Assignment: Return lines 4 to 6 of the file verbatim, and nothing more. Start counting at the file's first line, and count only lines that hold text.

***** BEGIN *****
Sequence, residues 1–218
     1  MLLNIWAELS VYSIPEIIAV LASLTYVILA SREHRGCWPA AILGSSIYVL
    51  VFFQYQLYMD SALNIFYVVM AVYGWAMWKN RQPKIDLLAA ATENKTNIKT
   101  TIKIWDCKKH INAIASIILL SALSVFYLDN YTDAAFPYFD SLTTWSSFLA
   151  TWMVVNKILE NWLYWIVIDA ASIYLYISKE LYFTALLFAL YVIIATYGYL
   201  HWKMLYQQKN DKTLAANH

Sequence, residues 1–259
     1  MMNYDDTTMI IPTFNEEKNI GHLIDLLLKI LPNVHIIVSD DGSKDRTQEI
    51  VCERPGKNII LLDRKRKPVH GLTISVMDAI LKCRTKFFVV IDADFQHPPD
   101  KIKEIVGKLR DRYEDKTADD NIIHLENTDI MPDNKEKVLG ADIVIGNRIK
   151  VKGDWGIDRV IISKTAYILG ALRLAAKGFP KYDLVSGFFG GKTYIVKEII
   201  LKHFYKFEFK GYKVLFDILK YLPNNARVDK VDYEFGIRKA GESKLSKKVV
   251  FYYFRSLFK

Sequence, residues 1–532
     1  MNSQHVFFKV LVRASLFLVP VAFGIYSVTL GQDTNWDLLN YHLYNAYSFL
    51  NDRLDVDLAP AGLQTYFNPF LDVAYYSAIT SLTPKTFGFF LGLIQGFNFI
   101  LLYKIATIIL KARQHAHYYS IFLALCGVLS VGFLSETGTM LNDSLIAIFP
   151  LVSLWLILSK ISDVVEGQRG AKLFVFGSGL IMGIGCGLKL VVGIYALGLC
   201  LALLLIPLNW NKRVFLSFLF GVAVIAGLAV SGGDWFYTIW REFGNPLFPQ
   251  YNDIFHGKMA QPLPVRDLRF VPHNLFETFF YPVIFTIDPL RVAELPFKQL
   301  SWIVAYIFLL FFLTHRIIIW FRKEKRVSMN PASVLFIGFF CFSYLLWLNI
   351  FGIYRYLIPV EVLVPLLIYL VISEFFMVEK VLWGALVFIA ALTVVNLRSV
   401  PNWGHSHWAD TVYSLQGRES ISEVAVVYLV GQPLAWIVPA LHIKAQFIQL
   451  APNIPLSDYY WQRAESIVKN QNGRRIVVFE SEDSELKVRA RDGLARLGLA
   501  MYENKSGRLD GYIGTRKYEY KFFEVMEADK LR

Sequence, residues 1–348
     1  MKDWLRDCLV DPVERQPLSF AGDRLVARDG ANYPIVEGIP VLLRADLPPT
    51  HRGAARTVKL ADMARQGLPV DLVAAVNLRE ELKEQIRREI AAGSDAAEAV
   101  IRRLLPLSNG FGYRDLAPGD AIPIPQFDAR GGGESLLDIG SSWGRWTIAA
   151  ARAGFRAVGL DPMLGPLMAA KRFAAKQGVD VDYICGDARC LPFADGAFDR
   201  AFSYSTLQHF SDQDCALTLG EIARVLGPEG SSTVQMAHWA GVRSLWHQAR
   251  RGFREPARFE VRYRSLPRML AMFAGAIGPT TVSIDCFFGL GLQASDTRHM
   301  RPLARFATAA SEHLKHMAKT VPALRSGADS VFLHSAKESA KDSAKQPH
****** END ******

   101  TIKIWDCKKH INAIASIILL SALSVFYLDN YTDAAFPYFD SLTTWSSFLA
   151  TWMVVNKILE NWLYWIVIDA ASIYLYISKE LYFTALLFAL YVIIATYGYL
   201  HWKMLYQQKN DKTLAANH